Men are More Likely to Pursue Opportunities in Locum Tenens
When evaluating the gender differences among physicians engaging with temporary positions, the study found that a significantly smaller percentage of women were interested in engaging with temporary positions. Men made up 73.6 percent of candidates, while only 26.4 percent were female candidates. Proportionately, 64 percent of all U.S. physicians are male, while 36 percent are female.8
Specialties Interested in Locum Tenens Positions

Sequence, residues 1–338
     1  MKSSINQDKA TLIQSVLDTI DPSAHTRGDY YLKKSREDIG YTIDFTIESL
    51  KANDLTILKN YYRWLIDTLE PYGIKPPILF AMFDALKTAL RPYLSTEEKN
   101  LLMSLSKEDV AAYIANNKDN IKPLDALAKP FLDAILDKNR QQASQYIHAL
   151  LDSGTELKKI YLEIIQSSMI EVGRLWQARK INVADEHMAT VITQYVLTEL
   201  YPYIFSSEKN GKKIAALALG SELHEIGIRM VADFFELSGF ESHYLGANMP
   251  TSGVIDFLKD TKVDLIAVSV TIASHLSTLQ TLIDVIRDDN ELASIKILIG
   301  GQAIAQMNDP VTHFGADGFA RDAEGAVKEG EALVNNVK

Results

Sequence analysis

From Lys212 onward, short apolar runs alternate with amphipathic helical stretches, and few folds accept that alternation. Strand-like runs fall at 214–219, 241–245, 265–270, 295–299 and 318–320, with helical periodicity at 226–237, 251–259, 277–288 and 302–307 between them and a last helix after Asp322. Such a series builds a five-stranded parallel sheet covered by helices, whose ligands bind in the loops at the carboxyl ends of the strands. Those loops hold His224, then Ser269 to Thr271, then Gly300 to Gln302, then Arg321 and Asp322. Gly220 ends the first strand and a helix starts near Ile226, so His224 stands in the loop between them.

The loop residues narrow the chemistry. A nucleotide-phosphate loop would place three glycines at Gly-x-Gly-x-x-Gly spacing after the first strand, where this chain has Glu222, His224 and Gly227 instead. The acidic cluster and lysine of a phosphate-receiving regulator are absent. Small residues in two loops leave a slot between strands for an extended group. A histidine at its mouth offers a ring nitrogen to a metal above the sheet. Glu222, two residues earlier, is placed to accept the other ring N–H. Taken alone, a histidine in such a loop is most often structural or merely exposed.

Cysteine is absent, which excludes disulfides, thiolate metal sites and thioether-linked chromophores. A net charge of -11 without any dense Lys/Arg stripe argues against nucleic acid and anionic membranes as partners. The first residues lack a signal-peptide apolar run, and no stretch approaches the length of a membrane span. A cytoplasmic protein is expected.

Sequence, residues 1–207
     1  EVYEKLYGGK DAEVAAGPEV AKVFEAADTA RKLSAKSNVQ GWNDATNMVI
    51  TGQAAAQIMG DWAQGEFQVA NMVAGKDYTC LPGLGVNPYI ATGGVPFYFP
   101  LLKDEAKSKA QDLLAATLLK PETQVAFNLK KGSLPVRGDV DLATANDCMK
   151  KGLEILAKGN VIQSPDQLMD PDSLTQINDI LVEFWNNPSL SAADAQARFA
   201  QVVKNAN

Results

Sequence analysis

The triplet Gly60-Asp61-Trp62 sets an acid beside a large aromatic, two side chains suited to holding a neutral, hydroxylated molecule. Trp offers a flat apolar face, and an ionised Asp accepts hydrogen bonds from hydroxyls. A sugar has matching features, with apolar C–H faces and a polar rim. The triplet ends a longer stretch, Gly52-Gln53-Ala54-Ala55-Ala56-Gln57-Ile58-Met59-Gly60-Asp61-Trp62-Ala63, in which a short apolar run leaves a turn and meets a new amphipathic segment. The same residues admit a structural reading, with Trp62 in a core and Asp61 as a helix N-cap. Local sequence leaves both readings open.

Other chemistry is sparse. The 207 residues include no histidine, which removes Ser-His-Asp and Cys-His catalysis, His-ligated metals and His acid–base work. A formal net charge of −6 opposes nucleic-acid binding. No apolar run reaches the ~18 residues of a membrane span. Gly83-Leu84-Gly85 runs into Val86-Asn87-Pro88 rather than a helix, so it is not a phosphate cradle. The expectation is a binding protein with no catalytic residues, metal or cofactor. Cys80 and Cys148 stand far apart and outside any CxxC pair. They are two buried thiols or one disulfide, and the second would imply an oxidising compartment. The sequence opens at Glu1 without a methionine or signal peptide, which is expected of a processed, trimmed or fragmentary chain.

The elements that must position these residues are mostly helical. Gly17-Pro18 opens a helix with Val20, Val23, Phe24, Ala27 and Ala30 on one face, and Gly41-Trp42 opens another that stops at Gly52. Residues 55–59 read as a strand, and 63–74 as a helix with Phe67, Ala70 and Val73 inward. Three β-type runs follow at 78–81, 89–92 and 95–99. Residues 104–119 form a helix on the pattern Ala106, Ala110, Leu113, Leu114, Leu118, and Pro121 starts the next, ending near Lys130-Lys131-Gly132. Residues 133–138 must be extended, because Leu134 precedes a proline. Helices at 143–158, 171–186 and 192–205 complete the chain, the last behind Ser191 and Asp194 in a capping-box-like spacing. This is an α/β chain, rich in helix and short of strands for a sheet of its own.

Physicians specializing in anesthesiology, emergency medicine, and radiology expressed the highest level of interest in locum tenens positions.
Top Metros Where Physicians Are Seeking Temporary Positions
When examining the current residence of physicians interested in temporary positions, the findings echoed the telemedicine rankings, where major metro areas with a high cost of living and highly centralized medical hubs topped the list. The study shows that there is a diverse set of cities that are all linked by doctors who are looking for temporary jobs.